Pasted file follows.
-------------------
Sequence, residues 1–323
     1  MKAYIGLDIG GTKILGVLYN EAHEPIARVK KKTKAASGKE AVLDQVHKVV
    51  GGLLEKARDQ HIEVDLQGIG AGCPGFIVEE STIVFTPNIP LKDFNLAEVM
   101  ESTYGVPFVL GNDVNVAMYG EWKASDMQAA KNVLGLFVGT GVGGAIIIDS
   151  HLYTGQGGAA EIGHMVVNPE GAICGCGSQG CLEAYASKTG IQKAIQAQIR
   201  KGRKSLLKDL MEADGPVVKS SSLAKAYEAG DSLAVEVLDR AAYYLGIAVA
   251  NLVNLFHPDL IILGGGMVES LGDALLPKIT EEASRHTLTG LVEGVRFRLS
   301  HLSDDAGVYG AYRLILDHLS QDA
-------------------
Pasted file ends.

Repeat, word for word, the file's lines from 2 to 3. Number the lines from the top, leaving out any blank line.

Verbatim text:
     1  MKAYIGLDIG GTKILGVLYN EAHEPIARVK KKTKAASGKE AVLDQVHKVV
    51  GGLLEKARDQ HIEVDLQGIG AGCPGFIVEE STIVFTPNIP LKDFNLAEVM